Through the Civil War (1642 to 1651), the town of King's Lynn in fact joined both sides, at first it supported parliament, but later swapped sides and ended up being seized by Parliamentarians when it was under seige for several weeks. Over the following 2 centuries the town's value as a port decreased along with the decline of the wool exporting industry, though it obviously did still carry on exporting grain and importing timber, pitch and iron to a lesser degree. The port of King's Lynn also affected by the expansion of westerly ports like Liverpool, which boomed following the Americas were discovered.

The Lattice House Inn, King's Lynn - geograph.org.uk - 1589499Clearly there was still a decent coastal and local business to help keep the port alive through these times and soon King's Lynn boomed once more with imports of wine arriving from Spain, Portugal and France. Likewise the shipment of agricultural produce grew after the fens were drained through the seventeenth century, in addition, it established a key shipbuilding industry. The train service came to the town in the 1840s, sending more visitors, trade and prosperity to the town. The population of King's Lynn expanded enormously during the Sixties mainly because it became a London overflow town.

The town of King's Lynn can be go to via the A149, the A10 and the A17, it's approximately 38 miles from Norwich and ninety four miles from Central London. It may also be reached by rail, the most handy overseas airport to King's Lynn is Norwich International (driving distance - 46 miles) a drive of approximately an hour.

A selection of Kings Lynn streets and roads: Seabank Way, Pye Lane, Burnham Road, Glebe Avenue, Wallington, Dohamero Lane, Emmerich Court, Brick Cottages, Cedar Road, Sedgeford Lane, Ryston Road, Chase Avenue, Collins Lane, Orchard Park, Long Road, The Meadows, Edward Street, Chestnut Avenue, Ennerdale Drive, Marshall Street, Strickland Close, Lancaster Terrace, Bourne Close, Old Hillington Road, Mill Hill, Stiffkey Close, Horton Road, Wells Road, Beech Avenue, Extons Road, Whitefriars Cottages, Checker Street, Baldwin Road, North Beach, Keswick, Pleasance Close, Somerville Road, Sutton Estate, Garage Lane, Butt Lane, Houghton Avenue, Victoria Terrace, Parkway, Old Roman Walk, Banyards Place, Kenhill Close, Suffield Way, Summer End, Neville Lane, Priory Lane, Eastwood.

Attractions, places of interest, things to do and places to visit in and around Kings Lynn: Hunstanton Sea Life Sanctuary, Theatre Royal, Church Farm Stow Bardolph, Wisbech Museum, Narborough Railway Line, Old Hunstanton Beach, Playtowers, Walsingham Treasure Trail, Searles Sea Tours, East Winch Common, Lynn Museum, Pensthorpe Nature Reserve & Gardens, Captain Willies Activity Centre, St Edmunds Chaple Hunstanton, Ice Skating at Oasis Leisure, Extreeme Adventure, Stubborn Sands, Duke's Head Hotel, Tales of the Old Gaol House, Megafun Play Centre, Farmer Freds Adventure Play Barn, High Tower Shooting School, Fun Farm, Walsingham Abbey Grounds and Museum, St Georges Guildhall, Custom House, Greyfriars Tower, Planet Zoom, Play Stop, Shrubberies, Skylark Maize Maze and Funyard.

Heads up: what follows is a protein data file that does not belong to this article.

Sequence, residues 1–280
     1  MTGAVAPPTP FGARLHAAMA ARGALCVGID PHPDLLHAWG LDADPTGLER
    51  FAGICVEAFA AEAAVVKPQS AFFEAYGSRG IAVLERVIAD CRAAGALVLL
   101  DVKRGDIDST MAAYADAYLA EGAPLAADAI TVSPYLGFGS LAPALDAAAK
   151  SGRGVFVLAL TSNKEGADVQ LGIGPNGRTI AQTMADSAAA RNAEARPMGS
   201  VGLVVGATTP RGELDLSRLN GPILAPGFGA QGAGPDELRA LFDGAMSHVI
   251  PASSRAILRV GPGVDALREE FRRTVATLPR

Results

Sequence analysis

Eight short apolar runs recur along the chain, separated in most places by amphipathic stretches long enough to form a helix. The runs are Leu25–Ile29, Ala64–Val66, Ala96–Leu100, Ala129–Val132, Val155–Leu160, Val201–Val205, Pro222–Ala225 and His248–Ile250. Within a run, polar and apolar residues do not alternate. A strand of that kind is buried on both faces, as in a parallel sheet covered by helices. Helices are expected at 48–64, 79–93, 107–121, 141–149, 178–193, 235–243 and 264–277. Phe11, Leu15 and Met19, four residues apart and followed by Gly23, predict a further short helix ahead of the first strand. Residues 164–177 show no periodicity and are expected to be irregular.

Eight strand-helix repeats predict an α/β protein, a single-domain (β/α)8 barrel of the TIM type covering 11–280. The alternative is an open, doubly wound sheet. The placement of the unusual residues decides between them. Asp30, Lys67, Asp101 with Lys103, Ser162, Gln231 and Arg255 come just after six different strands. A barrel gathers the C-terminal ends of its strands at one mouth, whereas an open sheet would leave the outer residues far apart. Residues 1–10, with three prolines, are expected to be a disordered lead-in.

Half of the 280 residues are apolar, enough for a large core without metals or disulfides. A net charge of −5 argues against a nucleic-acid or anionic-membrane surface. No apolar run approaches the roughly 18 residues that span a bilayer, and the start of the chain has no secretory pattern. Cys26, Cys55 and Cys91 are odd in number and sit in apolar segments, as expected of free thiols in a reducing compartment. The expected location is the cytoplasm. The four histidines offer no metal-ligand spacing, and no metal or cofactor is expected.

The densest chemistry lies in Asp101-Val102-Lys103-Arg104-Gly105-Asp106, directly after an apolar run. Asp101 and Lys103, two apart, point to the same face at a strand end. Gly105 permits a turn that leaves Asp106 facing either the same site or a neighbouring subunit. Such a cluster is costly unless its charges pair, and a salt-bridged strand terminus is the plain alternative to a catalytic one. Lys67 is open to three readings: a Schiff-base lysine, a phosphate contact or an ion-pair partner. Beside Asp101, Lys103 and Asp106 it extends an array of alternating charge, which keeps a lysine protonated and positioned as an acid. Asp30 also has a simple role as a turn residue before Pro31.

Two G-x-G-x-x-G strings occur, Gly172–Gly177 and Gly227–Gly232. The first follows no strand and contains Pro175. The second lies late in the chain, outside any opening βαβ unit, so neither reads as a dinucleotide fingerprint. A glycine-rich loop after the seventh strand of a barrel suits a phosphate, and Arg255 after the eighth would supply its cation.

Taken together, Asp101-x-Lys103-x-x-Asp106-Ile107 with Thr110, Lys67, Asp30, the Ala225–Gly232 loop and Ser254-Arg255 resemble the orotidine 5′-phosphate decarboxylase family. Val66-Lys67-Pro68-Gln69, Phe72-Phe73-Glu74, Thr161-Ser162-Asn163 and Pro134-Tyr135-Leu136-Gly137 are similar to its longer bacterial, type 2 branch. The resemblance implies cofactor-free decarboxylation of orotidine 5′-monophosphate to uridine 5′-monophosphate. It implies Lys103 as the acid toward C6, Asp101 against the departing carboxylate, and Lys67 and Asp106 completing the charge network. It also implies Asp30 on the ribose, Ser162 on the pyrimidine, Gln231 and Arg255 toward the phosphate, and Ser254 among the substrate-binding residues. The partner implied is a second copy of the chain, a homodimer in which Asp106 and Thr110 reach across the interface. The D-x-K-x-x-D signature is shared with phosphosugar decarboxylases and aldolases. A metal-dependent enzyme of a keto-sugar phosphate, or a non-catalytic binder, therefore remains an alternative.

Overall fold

For your stay in Kings Lynn and Norfolk one might reserve holiday accommodation and hotels at the cheapest rates by means of the hotels quote form displayed on the right of this page.

It's possible to find considerably more relating to the location and region by looking to this great site: Kings Lynn.

Get Your Health and Beauty Shops Business Listed: The simplest way to have your service showing up on the results, is to head to Google and start a directory posting, this can be done here: Business Directory. It might take a bit of time before your listing is found on this map, so get going right away.

Must Watch Video - Step Back in Time and See King's Lynn 1940's to 1970's

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Some Further Amenities and Businesses in King's Lynn and the East of England:

The above facts could be useful for encircling villages and parishes including : Clenchwarden, Tottenhill, North Wootton, Lutton, Downham Market, South Wootton, North Runcton, Long Sutton, Snettisham, East Winch, Tower End, Ashwicken, Fair Green, Watlington, West Newton, West Winch, Heacham, Sandringham, Setchey, Walpole Cross Keys, Dersingham, Wiggenhall St Peter, Hunstanton, Terrington St Clement, Bawsey, Castle Rising, Tilney All Saints, Leziate, West Lynn, Saddle Bow, West Bilney, Gaywood, Runcton Holme, Babingley, Gayton, Hillington, Sutton Bridge, Middleton, Tottenhill Row, Ingoldisthorpe . FULL SITE MAP - LATEST WEATHER

Provided you enjoyed this information and guide to Kings Lynn, then you might very well find a few of our other town and resort guides invaluable, such as the guide to Wymondham in Norfolk, or even maybe the website about Maidenhead (Berkshire). If you would like to pay a visit to these sites, please click the appropriate town or village name. We hope to see you again some time in the near future. Several other towns and cities to see in Norfolk include Norwich, Great Yarmouth and Heacham (Norfolk).